Bors (/ˈbɔːrz/; French: Bohort) is the name of two knights in Arthurian legend, an elder and a younger. The two first appear in the 13th-century Lancelot-Grail romance prose cycle. Bors the Elder is the King of Gaunnes (Gannes/Gaunes/Ganis) during the early period of King Arthur's reign, and is the brother of King Ban of Benoic and the father of Bors the Younger and Lionel. His son Bors the Younger later becomes one of the best Knights of the Round Table and participates in the achievement of the Holy Grail.

Sir Bors de Ganis in Howard Pyle's illustration for The Story of Sir Launcelot and His Companions (1907)

King Bors the ElderEdit

Bors the Elder is King Ban's brother, and Lancelot's and Hector de Maris' uncle. He marries Evaine, the sister of Ban's wife Elaine, and has two sons, Bors the Younger and Lionel.

Ban and Bors become Arthur's early allies in his fight against eleven rebel kings in Britain, including Lot, Urien, and Caradoc, In return, Arthur vows to help them against their Frankish enemy, King Claudas, who has been threatening their lands back in the continent. Arthur is late on his promise, however, and Claudas succeeds in his invasion, resulting in both kings' deaths. Ban's son Lancelot is taken by the Lady of the Lake, but Bors' children are raised in captivity by Claudas' retainers.

Sir Bors the YoungerEdit

Sir Bors the Younger is better known than King Bors throughout Arthurian studies. Sir Bors and Lionel live for several years at Claudas' court, but they eventually rebel against him and even slay his cruel son Dorin. Before Claudas can retaliate, the boys are rescued by a servant of the Lady of the Lake and are spirited off to be raised with their cousin Lancelot. All three grow to be excellent knights and go to Camelot to join King Arthur's retinue. Bors is recognisable by a distinctive scar on his forehead, and participates in most of the King's conflicts, including the eventual battle with Claudas that liberates his father's lands. Bors fathers Elyan the White when the beautiful daughter of King Brandegoris, Claire, tricks him into sleeping with her by way of a magic ring; he later introduces his son into the Round Table.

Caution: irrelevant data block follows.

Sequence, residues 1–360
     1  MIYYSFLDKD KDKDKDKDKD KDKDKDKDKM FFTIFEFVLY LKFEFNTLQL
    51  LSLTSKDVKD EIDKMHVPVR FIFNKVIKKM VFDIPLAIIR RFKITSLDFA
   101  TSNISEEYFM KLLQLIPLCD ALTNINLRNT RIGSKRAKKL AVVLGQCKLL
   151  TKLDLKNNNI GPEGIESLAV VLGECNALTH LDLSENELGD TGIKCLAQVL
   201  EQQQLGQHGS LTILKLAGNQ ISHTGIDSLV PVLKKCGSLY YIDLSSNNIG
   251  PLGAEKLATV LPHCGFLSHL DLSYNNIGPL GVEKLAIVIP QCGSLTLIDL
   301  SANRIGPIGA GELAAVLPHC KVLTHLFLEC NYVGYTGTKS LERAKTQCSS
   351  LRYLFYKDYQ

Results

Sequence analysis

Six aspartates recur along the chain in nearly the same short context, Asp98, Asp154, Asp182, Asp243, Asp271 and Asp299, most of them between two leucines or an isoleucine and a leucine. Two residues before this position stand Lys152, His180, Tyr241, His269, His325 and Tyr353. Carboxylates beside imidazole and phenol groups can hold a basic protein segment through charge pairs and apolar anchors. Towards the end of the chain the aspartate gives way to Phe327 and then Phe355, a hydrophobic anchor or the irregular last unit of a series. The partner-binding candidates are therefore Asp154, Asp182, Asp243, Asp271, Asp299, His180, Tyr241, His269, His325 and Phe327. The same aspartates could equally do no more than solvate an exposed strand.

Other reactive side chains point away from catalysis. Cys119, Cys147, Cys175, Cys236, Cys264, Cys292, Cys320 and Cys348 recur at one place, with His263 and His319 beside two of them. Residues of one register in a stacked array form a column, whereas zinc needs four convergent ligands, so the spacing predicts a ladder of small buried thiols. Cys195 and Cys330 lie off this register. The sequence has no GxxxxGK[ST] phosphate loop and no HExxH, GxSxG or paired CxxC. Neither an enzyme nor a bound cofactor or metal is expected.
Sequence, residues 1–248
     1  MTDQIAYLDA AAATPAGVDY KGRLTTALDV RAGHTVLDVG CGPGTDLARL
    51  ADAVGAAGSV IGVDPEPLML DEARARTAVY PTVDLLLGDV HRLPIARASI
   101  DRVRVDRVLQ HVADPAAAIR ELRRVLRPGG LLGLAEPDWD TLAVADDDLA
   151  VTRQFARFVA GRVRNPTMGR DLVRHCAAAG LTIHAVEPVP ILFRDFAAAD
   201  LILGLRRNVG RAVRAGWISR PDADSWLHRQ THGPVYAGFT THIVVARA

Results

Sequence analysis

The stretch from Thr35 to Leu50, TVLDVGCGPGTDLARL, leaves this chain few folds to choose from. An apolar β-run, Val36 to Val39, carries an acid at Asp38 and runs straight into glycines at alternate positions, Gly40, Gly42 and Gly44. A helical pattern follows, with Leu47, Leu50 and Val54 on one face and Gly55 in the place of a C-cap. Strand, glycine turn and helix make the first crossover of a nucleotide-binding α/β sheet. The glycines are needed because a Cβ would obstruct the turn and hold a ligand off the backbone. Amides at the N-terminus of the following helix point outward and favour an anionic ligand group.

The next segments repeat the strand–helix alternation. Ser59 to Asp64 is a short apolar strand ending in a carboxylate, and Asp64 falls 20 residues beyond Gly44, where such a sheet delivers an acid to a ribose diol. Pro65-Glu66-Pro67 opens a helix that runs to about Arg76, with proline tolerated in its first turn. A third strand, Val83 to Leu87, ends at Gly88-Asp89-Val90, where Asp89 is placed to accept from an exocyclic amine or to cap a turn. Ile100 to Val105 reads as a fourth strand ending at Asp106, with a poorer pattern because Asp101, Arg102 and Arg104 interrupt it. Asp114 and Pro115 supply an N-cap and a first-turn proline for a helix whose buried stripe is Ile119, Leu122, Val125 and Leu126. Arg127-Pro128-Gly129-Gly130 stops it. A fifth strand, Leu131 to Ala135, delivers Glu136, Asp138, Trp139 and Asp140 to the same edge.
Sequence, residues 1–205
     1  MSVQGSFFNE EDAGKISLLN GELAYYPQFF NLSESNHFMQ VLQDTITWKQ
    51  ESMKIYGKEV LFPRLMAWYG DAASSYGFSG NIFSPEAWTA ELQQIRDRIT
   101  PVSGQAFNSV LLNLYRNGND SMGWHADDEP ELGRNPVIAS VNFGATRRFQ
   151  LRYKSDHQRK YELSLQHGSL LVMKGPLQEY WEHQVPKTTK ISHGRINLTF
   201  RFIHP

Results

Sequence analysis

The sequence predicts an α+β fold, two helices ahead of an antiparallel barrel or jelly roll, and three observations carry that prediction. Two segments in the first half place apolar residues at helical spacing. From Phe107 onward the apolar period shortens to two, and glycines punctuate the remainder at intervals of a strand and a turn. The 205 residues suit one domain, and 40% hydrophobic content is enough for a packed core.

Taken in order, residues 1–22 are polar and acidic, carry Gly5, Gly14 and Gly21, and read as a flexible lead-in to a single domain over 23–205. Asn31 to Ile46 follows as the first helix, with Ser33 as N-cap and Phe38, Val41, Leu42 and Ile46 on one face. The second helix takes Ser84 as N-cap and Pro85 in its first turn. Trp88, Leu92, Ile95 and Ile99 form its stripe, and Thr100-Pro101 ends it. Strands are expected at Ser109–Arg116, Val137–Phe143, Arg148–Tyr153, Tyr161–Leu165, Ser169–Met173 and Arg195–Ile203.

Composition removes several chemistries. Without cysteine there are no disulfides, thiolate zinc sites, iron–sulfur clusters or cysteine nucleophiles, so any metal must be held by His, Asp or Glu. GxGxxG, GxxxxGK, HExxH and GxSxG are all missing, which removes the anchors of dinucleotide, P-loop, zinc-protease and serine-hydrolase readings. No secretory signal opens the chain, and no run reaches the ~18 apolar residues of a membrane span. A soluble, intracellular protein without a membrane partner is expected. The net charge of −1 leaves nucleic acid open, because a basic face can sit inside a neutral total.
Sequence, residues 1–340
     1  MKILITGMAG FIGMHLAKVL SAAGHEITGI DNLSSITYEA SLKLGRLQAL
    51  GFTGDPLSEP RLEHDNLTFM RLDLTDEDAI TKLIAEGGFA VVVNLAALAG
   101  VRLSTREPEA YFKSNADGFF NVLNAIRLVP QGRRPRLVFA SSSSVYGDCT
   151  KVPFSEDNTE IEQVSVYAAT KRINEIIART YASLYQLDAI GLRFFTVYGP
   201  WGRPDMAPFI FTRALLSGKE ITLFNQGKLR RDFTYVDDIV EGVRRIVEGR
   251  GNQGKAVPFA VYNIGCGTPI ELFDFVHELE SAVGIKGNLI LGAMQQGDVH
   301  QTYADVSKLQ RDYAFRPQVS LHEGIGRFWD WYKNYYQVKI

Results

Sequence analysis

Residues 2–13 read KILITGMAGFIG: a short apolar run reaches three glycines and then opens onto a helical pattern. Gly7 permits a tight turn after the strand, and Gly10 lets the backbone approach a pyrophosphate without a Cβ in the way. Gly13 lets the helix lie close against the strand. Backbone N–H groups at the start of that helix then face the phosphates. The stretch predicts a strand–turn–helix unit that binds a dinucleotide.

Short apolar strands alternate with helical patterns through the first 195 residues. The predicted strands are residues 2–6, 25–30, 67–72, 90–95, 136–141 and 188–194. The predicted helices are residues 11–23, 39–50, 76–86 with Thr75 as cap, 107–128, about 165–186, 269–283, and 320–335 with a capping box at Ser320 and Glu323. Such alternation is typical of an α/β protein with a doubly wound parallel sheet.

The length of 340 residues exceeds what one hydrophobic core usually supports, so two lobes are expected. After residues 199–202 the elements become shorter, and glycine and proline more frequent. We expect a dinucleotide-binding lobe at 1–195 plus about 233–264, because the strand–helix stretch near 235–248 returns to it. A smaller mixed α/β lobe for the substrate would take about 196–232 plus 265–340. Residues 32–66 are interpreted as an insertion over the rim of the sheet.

"How a devil in woman's likeness would have tempted Sir Bors to have lain by her." Aubrey Beardsley's illustration for a 1893 edition of Le Morte d'Arthur

Sir Bors is always portrayed as one of the Round Table's finest, but his real glory comes on the Grail Quest, where he proves himself worthy enough to witness the Grail's mysteries alongside Galahad and Percival. Several episodes display his virtuous character; in one, a lady approaches Bors vowing to commit suicide unless he sleeps with her. He refuses to break his vow of celibacy; the lady and her maidens threaten to throw themselves off the castle battlements. As the ladies jump off, they reveal themselves to be demons set on deceiving him by playing to his sense of compassion. In another, Bors faces a dilemma where he must choose between rescuing his brother Lionel, being whipped with thorns by villains in one direction, and saving a young girl who has been abducted by a rogue knight in the other. Bors chooses to help the maiden, but prays for his brother's safety. Lionel escapes his tormentors and tries to murder Bors, and Bors does not defend himself, refusing to raise a weapon against his kinsman. Fellow Knight of the Round Table Calogrenant and a religious hermit try to intervene, but Lionel slays them both when they get in the way. Before he can kill his brother, however, God strikes him down with an immobilising column of fire. Bors, Galahad, and Percival go on to achieve the Holy Grail and accompany it to Sarras, a mystical island in the Holy Land, where then Galahad and Percival pass away while there. Bors is the only one to return, and the text of the Vulgate Queste is presented as a puported written record of Bors telling the full story of the quest back in Camelot.[1] At the end of the entire Vulgate Cycle, Bors further emerges as the only surviving main character and a successor to Arthur after the King's death.[2]